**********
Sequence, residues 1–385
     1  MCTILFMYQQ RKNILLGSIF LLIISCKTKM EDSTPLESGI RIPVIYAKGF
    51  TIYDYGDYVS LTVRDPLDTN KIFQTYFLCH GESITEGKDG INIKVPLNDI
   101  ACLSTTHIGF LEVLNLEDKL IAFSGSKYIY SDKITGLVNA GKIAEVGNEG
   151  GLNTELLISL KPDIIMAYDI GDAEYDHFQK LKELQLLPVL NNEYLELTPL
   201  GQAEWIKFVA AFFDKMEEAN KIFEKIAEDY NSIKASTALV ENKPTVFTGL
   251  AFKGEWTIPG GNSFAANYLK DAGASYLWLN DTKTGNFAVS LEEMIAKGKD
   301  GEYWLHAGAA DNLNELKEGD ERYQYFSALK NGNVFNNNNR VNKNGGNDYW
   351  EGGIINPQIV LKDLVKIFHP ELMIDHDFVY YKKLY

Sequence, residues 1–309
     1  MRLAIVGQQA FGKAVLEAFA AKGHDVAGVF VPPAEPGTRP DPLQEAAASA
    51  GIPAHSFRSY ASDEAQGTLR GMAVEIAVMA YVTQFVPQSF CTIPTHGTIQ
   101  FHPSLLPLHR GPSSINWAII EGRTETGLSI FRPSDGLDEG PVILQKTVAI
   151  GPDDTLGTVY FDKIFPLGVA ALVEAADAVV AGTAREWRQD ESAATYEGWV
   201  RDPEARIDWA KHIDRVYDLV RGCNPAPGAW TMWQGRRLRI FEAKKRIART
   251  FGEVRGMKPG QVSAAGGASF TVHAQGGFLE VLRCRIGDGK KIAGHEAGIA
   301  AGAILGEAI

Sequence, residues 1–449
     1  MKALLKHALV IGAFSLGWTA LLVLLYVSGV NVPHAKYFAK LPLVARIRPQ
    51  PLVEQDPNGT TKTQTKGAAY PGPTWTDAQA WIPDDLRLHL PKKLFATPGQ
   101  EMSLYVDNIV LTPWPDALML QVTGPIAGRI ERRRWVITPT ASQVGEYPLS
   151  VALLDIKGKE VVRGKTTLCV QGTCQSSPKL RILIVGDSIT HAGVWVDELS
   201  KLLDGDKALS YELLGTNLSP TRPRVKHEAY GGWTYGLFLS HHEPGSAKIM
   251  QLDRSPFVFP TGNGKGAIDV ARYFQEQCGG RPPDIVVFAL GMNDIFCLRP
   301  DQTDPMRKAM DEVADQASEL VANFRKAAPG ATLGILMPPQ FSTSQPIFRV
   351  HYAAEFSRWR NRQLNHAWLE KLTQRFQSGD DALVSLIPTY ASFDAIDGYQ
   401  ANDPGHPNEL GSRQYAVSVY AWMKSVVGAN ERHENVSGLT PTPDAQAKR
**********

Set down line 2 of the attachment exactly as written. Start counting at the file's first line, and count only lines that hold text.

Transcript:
     1  MCTILFMYQQ RKNILLGSIF LLIISCKTKM EDSTPLESGI RIPVIYAKGF